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Review: Bonjour Tristesse by Françoise Sagan

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I think I was too old for this book.  I think I would’ve appreciated it when I was in my twenties at university when the world was newish but I’m old and jaded now so the story of a 17 year old girl plotting to ruin the life of her libertine father’s new fiancée seemed all a bit fanciful, a bit yawn-making.

Set on the French Riviera, Cécile is living a high and hedonistic life with her forty-something-year-old father Raymond and his girl of the moment, redheaded Elsa.  They live a life of drinking, gambling, staying out late and not thinking too much.  When Anne, the seemingly level-headed and intellectual forty-something-year-old family friend comes to visit, her presence changes the louche dynamic forever.  Raymond proposes marriage to Anne, Elsa is forced to find comfort in the arms of someone else, while Cécile has to study daily for an exam she has failed previously.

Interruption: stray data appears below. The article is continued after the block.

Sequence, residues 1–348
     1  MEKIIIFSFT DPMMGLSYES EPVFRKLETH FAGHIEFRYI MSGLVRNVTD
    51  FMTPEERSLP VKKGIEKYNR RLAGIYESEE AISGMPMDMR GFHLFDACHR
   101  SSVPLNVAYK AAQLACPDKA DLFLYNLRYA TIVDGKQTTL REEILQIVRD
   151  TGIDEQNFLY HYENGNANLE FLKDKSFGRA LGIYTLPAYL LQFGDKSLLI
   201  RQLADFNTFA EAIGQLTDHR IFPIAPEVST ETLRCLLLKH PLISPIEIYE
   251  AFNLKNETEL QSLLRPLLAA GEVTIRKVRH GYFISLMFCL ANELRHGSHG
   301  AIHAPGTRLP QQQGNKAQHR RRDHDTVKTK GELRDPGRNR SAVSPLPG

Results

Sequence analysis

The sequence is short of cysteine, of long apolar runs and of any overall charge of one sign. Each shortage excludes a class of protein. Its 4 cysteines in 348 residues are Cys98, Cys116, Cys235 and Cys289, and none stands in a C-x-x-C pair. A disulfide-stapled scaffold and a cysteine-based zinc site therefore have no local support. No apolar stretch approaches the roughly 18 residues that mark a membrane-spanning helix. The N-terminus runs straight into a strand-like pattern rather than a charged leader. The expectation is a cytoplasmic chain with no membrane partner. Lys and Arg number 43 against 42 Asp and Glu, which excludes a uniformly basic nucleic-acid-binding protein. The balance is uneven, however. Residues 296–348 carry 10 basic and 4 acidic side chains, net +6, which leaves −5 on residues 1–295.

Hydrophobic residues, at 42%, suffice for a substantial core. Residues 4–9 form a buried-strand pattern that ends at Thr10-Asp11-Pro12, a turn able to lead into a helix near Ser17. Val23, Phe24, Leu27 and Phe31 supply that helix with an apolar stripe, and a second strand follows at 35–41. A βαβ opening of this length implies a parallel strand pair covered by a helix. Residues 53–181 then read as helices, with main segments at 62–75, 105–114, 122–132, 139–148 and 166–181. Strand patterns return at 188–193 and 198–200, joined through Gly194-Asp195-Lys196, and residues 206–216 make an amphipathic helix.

Cécile dislikes these changes so with the help of Cyril, her 26 year old boyfriend in the next villa, and using Elsa’s continuing feelings for Raymond to further her own ends, she concocts a plan to destroy Anne.

Sagan has created a morally ambiguous character in Cécile.  By turns young and old, wise and stupid, tragic and ridiculous, she embodies the flightiness of youth, with its penchant for melodrama and a narcissistic appreciation of its developing talents.  Cécile is also that thing that fails to recognise when it’s being cruel or callous and if it does, continues in the same way anyway.  Sooo, like, adolescent.

Apparently this book caused a stir when it was published in the 1950s.  And with the sexually and morally emboldened Cécile at its core, I’m not surprised.  In 2012 it’s a bit passé.

Book details:
Bonjour Tristesse by Françoise Sagan, published by John Murray books 1954, Penguin 1958, 108 pages, personal copy mooched from BookMooch.